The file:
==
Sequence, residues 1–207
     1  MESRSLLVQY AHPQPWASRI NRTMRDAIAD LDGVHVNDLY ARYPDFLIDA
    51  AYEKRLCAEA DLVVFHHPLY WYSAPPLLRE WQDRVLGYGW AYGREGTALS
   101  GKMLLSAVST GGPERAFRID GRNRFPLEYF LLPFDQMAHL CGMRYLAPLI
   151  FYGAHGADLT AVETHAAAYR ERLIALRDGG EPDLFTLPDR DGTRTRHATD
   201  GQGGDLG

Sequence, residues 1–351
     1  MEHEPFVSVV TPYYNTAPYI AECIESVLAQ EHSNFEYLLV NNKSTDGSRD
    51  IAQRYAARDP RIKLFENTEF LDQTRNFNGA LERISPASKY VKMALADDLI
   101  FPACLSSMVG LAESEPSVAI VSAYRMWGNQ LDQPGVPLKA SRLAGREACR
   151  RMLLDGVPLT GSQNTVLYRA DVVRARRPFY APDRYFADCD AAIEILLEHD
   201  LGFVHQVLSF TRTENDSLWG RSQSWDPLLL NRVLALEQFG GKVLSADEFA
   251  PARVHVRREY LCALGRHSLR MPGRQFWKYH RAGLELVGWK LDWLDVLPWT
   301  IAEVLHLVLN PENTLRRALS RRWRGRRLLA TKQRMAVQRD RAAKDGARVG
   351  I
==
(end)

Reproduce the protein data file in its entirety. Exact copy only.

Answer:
Sequence, residues 1–207
     1  MESRSLLVQY AHPQPWASRI NRTMRDAIAD LDGVHVNDLY ARYPDFLIDA
    51  AYEKRLCAEA DLVVFHHPLY WYSAPPLLRE WQDRVLGYGW AYGREGTALS
   101  GKMLLSAVST GGPERAFRID GRNRFPLEYF LLPFDQMAHL CGMRYLAPLI
   151  FYGAHGADLT AVETHAAAYR ERLIALRDGG EPDLFTLPDR DGTRTRHATD
   201  GQGGDLG

Sequence, residues 1–351
     1  MEHEPFVSVV TPYYNTAPYI AECIESVLAQ EHSNFEYLLV NNKSTDGSRD
    51  IAQRYAARDP RIKLFENTEF LDQTRNFNGA LERISPASKY VKMALADDLI
   101  FPACLSSMVG LAESEPSVAI VSAYRMWGNQ LDQPGVPLKA SRLAGREACR
   151  RMLLDGVPLT GSQNTVLYRA DVVRARRPFY APDRYFADCD AAIEILLEHD
   201  LGFVHQVLSF TRTENDSLWG RSQSWDPLLL NRVLALEQFG GKVLSADEFA
   251  PARVHVRREY LCALGRHSLR MPGRQFWKYH RAGLELVGWK LDWLDVLPWT
   301  IAEVLHLVLN PENTLRRALS RRWRGRRLLA TKQRMAVQRD RAAKDGARVG
   351  I